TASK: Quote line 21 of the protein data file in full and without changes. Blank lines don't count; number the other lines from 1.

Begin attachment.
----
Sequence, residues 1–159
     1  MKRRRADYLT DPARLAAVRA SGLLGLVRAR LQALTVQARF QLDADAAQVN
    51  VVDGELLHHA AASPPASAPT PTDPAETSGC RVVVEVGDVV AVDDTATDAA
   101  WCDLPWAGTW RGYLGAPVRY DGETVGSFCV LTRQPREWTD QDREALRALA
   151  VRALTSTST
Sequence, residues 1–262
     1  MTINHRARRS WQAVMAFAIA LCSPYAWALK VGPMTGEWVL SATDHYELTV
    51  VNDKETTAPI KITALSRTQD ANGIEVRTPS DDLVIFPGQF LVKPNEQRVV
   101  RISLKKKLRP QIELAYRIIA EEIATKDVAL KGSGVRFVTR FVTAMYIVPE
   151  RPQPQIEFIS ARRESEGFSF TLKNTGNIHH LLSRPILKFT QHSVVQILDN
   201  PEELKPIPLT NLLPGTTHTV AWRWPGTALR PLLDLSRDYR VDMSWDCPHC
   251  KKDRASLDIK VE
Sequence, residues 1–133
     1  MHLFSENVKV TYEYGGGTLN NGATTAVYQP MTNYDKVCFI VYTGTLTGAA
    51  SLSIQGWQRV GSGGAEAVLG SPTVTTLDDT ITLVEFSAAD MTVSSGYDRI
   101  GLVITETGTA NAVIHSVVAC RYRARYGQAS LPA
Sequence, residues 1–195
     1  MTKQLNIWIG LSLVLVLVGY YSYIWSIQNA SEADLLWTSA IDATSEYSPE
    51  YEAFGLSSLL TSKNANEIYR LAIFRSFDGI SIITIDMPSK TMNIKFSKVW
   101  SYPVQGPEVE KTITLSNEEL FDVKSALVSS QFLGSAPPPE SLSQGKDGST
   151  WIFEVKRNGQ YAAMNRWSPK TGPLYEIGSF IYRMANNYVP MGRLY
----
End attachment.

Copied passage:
   151  WIFEVKRNGQ YAAMNRWSPK TGPLYEIGSF IYRMANNYVP MGRLY